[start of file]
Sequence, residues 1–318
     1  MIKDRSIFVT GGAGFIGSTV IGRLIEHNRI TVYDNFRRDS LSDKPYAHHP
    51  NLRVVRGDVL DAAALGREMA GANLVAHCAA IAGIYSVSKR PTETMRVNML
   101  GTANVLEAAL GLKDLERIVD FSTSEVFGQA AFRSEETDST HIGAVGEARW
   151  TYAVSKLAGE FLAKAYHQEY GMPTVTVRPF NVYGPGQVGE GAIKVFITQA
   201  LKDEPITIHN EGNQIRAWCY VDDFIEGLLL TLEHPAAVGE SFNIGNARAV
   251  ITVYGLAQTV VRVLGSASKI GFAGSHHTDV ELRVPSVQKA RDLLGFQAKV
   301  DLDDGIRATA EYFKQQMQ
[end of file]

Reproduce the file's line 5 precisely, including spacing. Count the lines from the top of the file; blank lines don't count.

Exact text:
   151  TYAVSKLAGE FLAKAYHQEY GMPTVTVRPF NVYGPGQVGE GAIKVFITQA